Vanuatu's new Prime Minister is initiating official efforts to work more closely with the people in the provinces as he and his cabinet embark on a nationwide tour in a bid to better understand the grassroots needs.
Moana Carcasses Kalosil says each of Vanuatu's six provinces will have a turn hosting a meeting of the Council of Ministers and various department heads.
But as Jamie Tahana reports, one former Prime Minister has questioned how the government can afford this tour when the budget is already stretched:
The Prime Minister, Moana Carcasses, says the government needs to better understand what people's problems are so they create better policies in Port Vila.
"We're going to bring the government to the province, and this is where we can interact with the people, the grassroots to understand what is their problem and the issues so we can address it."
Mr Carcasses says they will also bring with them government department director-general's, private sector representatives and foreign donors.
But the former Prime Minister, Sato Kilman, says there is no need for the government to send as many people as they are.
He's labelled the exercise an extravagent use of public money that could be better spent on more important things.
Mr Kilman says the tour could cost as much as 30 million vatu.
It was not budgeted for. Now, while it may be legal for director-generals to wire funds from other services to be able to cater for this meeting. It is morally wrong because it is not what the government requested parliament's approval for.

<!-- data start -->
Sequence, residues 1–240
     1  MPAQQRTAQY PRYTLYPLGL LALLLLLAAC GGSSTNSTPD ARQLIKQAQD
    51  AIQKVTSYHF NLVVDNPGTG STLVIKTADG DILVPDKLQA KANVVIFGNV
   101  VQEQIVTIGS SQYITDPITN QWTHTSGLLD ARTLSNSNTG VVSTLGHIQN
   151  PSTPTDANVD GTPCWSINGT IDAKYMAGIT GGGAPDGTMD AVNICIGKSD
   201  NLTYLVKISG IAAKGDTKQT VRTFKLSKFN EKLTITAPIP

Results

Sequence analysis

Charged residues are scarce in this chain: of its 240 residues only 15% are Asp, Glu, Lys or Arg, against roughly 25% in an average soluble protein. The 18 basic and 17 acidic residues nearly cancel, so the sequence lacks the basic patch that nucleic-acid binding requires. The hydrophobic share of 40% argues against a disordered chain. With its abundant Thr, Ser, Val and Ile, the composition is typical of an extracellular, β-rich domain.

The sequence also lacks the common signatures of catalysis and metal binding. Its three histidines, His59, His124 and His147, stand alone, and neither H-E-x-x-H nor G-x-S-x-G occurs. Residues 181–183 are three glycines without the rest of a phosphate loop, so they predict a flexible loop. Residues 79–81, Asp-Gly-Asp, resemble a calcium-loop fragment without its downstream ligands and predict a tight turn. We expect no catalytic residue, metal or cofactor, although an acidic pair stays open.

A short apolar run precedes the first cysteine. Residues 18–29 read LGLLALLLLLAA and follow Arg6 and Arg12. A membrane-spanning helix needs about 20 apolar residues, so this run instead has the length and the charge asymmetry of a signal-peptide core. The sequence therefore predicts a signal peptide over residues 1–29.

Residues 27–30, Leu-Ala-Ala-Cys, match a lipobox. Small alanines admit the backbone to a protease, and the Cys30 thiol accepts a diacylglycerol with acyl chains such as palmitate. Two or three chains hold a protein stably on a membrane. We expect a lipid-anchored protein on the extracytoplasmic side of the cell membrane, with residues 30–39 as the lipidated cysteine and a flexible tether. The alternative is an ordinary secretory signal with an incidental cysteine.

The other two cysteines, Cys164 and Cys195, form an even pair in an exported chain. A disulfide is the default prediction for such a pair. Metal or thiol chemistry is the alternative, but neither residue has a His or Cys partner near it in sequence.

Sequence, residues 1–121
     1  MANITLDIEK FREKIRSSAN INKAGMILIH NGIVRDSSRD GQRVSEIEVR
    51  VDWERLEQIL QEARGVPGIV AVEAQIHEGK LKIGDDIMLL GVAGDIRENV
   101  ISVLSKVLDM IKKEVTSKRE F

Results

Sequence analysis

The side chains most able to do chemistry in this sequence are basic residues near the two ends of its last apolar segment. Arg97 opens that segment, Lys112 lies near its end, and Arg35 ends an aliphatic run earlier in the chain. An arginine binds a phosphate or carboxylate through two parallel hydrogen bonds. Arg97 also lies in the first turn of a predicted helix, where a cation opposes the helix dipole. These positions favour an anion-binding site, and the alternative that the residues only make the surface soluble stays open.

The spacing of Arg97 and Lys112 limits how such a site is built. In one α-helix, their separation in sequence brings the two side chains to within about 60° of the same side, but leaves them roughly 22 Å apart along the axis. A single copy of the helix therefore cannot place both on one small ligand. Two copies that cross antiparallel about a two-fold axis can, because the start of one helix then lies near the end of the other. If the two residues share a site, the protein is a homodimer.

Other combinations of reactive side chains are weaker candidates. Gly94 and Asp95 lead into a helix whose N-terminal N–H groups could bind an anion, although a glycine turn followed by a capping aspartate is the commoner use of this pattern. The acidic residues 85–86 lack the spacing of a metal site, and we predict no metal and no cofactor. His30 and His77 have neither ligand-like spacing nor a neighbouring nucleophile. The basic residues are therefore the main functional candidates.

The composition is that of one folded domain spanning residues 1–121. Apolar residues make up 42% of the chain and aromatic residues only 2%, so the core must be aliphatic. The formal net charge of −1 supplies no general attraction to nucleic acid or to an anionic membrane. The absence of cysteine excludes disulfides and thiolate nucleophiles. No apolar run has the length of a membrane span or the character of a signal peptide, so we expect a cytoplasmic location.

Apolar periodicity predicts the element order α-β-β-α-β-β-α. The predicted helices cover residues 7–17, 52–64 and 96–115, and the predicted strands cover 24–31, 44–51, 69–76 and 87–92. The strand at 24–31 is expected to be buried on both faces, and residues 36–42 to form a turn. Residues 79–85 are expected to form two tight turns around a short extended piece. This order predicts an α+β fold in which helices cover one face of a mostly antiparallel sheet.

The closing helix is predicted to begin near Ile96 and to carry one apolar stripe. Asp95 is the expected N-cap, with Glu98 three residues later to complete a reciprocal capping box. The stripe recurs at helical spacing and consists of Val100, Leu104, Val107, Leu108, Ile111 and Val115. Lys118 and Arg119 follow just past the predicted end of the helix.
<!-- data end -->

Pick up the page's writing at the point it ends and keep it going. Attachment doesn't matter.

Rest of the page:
But the Anti-Corruption Commission's Phil Manhire says he understands the money to pay for the tour has come from the Carcasses government's move to cut down on wasteful overseas travel by ministers and official delegations.
Mr Manhire says the tour gives people in remote communities a chance to see what their government is doing and to question them.
He says it's a huge step towards transparency and cleaning up the government of Vanuatu.
It's all in the interests of accountability and transparency and most importantly bringing the government to the people. After all, the government IS the people. So, they should be there at the sharp end from time to time. So, I think it's a good thing 'cos it does give the grassroots people a better chance to see what their government's doing, and for god's sake you know, actually cast their eyes upon those who have their faith in their hands.
Sato Kilman says he has nothing against the government going to the provinces, but holding entire cabinet meetings and paying for other people is over the top.
The government needs to go out to the provinces. But when I say government, this is ministers going on their own to see things under their responsibility. To run the country properly we need to go out and see what's out there. But, this is different. This is a council meeting taking place in Torba, a luxury that we cannot afford especially when we're looking for money to provide essential services.
However Moana Carcasses says the tour will go ahead this month, explaining that the cabinet needs to get in touch with people in remote areas because successive governments have failed to address their needs.